(1) lower risk of fraud (participation is closed to those in the neighborhood)

(2) higher profits for sellers (lower transaction fees)

(3) better value to the buyer (lower transaction fees)

(4) the proceeds go towards a self-governing committee, whose charter is ongoing education and support for improving the health, wealth, and safety of the neighborhood

(5) the entire franchise helps people become successful entrepreneurs and local service providers using a model that recognizes forms of non-monetary capital, such as trust and wisdom.

An additional, unique consideration:

The marketplace does not allow marketing or advertising. No such technology exists within the app.

The only way to elevate the prominence of your marketplace listing is through earned reputation.

This uses a built-in reputation economy that allows you to recognize forms of non-monetary capital, such as trust and wisdom, thus elevating health, wealth, and security within the community, consistent with your community’s values.

In other words: not only do you earn a reputation score; you are actually paid in community vouchers, and the way you earn vouchers is a reflection of your community’s values.

Behind the scenes and beneath the hood are some cool ways we are able to do this.

Not to get too technical, and consistent with the philosophy of “blessed are the peacemakers,“ we pay people in community vouchers if they can innovate a way to reduce the rates of arbitration, to the mutual satisfaction of all parties involved.

Technologically, we can reconcile this because peacemakers inadvertently help us optimize our system, which is fairly elegant, no?

Likewise, those who help elevate the acknowledged trust and reputation of others are rewarded with community vouchers, for the same reason: those who prioritize the needs of the meek inadvertently optimize our system.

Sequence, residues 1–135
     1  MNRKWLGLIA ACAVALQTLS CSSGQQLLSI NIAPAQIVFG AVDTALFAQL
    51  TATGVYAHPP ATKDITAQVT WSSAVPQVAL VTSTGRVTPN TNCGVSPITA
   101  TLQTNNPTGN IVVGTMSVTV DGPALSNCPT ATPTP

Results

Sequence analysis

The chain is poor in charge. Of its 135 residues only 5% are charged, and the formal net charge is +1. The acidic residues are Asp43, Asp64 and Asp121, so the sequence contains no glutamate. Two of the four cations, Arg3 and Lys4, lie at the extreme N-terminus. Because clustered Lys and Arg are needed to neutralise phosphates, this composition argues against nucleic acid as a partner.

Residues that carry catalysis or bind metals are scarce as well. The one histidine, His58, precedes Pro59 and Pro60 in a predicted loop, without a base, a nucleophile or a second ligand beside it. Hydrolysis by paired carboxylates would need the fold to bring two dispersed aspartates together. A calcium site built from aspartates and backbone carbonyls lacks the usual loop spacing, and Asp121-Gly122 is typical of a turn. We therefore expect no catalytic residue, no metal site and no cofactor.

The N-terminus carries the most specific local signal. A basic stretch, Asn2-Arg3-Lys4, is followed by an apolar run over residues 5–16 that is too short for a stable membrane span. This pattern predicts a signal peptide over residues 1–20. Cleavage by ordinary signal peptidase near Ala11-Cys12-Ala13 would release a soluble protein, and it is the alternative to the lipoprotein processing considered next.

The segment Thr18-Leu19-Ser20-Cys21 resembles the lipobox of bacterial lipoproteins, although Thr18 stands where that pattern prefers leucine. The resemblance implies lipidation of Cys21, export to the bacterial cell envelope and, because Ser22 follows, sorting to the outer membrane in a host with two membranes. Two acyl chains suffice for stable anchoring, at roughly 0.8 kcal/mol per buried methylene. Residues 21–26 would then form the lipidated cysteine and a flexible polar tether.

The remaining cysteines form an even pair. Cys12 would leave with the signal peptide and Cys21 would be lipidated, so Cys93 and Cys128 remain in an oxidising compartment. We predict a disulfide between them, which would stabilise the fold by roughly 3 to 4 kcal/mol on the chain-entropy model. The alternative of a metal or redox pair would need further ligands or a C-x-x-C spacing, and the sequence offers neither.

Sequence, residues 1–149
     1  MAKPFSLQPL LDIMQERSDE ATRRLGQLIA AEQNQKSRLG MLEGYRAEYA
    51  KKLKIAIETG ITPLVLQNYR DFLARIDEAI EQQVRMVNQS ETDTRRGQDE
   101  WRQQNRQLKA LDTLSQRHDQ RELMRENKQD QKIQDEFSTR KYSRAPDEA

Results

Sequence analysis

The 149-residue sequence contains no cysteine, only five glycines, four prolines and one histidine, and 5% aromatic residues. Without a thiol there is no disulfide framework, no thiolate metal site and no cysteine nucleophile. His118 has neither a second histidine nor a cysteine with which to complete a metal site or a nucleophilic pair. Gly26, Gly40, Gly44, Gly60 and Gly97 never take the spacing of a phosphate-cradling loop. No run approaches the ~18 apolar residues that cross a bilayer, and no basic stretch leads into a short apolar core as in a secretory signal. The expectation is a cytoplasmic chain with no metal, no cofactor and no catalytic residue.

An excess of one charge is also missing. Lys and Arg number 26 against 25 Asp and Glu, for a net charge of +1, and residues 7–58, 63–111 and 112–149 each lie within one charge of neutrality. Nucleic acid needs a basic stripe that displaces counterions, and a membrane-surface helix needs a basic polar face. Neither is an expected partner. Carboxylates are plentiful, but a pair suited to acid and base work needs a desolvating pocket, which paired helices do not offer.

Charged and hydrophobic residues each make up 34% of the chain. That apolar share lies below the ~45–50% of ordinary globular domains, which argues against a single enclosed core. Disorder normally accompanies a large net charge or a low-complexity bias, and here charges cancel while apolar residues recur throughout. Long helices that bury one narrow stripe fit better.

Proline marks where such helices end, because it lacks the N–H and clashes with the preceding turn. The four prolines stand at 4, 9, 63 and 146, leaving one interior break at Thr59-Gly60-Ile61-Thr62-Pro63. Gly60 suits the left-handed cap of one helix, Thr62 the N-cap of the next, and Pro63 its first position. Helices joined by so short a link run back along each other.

The reputation economy was modeled on one of the oldest living codes on earth: the Pashtunwali, of the Pashtun, which live in the mountains between Afghanistan and Pakistan.

Although that sounds fairly exotic, we have found that this resonates deeply for ancient indigenous and contemporary communities alike.

Although our mainstream economy does not recognize these values, who isn’t in support of a solution that rewards peacemakers and cares for the least of our brethren?

It’s common for people to claim that capitalism is flawed, and we’re not here to solve that problem.

Again: our focus is on hyper-local communities, such as your neighborhood.

We provide a basis for optimization of marketplace activities that allows the community to properly calibrate the reward mechanisms to their own community values.

This franchise model for self-governance is not entirely dependent upon technology, but technology plays an important role, and there are seven features that are necessary for effective self-governance. I have already discussed a few.

(1) Digital identity and identity verification ensures that only people verified as a member of the community are allowed to participate, which dramatically reduces the risk of fraud.

(2) Communication is built-in, which allows you to send private or group chats, as well as make community announcements or post events for all to see.

Of course I have discussed (3) the marketplace, which allows you to announce a product or service that’s available, or request that somebody lets you know if you have a product or service for sale.

(4) Community banking allows you to store and send digital currency, as well as provide the basis of community banking on an individual, neighbor to neighbor basis.

Community banking also supports leveraging a deed or a title to property as collateral for an individual loan, which means that you could put your motorcycle up as collateral in exchange for community vouchers which might enable you to fund the creation of your own private garden/farm, thus launching your own homegrown business.

In Texas, the Texas cottage food law allows people to launch a home-based food business, and as long as they make less than $60,000 a year, no permits, licenses, or inspectors are necessary.

Pretty sweet, huh?

(5) A reputation economy enables your community to reward those who embrace and embody the values of your community, and recognize important forms of non-monetary capital.

(6) Arbitration enables the community to manage the inevitable disputes on its own terms.

And finally, (7) self-governance looks like this: policies and procedures, access and permissions, roles and responsibilities, plus a voting function.